Prices for corn and oil are falling in tandem.
If you've driven by a gas station recently, you've probably noticed that gas prices are tumbling. What you may realize is that the prices of some food commodities -- corn in particular -- are falling at about the same pace. Take a look at the image below, which I've borrowed from tradingcharts.com, a veritable treasure trove of commodity price data.
Clearly, price movements in the two commodities have been quite comparable, particularly over the last two years. But experts are of different minds about why they've followed such similar trajectories.
One school of thought holds that the remarkable correlation between corn and oil prices is mostly a coincidence; they point out (correctly) that correlation is not always evidence of causation. The US Department of Agriculture in particular denies that there's any significant link between the corn ethanol industry and the apparent link between corn and oil prices. Instead, they say that a combination of factors unique to each industry, coupled with a generalized speculation bubble that affected the global commodity market, led to a simultaneous (and coincidental) boom and bust in both commodities.
But another school of thought holds that the corn-ethanol industry is the single most important reason that corn and oil prices now seem to rise and fall in tandem. On this view, the fact that corn is now a substitute for oil means (almost by definition) that an increase in oil prices will cause an increase in corn prices. There's plenty of extra ethanol refining capacity out there now, so when oil prices rise, ethanol distillers bid up the price of corn.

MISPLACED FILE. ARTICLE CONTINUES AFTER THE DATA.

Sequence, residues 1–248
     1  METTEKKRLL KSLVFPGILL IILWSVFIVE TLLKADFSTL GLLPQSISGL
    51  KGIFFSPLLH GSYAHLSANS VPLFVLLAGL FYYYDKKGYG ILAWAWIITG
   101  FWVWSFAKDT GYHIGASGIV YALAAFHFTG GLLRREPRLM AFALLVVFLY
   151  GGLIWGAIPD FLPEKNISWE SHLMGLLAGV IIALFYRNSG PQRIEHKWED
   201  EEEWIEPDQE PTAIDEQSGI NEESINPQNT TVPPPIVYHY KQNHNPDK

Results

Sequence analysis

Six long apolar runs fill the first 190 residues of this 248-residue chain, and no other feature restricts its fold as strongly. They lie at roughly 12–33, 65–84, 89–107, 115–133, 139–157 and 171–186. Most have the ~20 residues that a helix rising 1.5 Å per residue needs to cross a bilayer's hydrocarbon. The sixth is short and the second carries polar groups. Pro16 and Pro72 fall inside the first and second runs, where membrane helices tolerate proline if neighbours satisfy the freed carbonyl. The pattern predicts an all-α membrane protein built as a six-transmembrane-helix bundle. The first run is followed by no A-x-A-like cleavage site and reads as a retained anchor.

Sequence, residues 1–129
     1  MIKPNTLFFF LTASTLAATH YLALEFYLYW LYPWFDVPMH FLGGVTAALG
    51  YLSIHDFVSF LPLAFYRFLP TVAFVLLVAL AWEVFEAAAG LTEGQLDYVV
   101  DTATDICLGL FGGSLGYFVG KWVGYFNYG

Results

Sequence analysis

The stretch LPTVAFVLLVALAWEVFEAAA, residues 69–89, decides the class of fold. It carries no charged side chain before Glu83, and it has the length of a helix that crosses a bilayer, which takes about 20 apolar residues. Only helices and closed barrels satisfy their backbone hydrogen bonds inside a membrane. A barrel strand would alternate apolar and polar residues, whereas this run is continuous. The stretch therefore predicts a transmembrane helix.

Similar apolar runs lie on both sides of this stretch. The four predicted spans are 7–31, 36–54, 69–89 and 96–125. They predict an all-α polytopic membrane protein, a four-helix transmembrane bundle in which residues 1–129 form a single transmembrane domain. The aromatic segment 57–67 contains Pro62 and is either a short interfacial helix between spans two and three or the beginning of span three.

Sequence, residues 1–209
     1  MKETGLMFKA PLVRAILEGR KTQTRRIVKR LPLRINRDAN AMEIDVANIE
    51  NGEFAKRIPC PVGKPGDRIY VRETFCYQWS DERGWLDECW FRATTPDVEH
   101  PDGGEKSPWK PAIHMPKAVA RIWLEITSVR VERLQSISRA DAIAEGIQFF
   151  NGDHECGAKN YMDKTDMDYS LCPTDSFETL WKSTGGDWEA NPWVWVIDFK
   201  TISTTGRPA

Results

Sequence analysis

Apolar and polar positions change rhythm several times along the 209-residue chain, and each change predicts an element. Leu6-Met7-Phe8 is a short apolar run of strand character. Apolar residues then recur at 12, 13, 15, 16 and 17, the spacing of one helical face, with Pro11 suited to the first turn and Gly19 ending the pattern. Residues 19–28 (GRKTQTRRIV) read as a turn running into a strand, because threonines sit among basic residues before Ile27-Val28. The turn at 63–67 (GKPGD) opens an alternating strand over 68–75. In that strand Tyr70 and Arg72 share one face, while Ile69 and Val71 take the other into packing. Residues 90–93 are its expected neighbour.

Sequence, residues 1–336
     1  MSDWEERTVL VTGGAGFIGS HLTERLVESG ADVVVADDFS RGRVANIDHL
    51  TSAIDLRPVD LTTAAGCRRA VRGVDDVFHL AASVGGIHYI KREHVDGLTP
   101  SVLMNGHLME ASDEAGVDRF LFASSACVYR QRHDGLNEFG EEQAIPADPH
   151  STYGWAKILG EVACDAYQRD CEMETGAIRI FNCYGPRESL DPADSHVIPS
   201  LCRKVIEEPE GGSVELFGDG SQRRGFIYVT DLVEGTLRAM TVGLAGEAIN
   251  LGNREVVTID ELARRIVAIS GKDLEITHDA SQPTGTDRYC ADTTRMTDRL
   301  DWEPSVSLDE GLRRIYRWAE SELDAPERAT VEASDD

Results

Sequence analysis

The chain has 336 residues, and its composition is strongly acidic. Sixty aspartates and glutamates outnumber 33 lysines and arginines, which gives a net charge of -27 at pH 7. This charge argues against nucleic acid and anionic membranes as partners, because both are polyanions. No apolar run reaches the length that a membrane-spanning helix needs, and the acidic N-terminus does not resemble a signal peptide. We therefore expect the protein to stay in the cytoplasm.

This op-ed in yesterday's Seattle Times mentions both perspectives. I tend to buy the latter point of view; there's a clear, plausible mechanism that links corn and oil prices, and the price trends seem too close to be coincidence alone.
But to settle the debate, I suppose we'll have to wait to see if corn and oil prices continue to walk hand in hand in the coming years.
This piece originally appeared on the Sightline Institute's blog, The Daily Score.
During the oil price shocks of the 1970's corn prices jumped up even though there was no ethanol production to speak of at the time. And put into historic perspective the $8 per bushel corn seen during the summer is cheap compared to the inflation adjusted number of $14 per bushel of the early 1970's.
Maybe it also has something to do with the massive amounts of oil used in agribusiness.
Хм, к размышлению... :)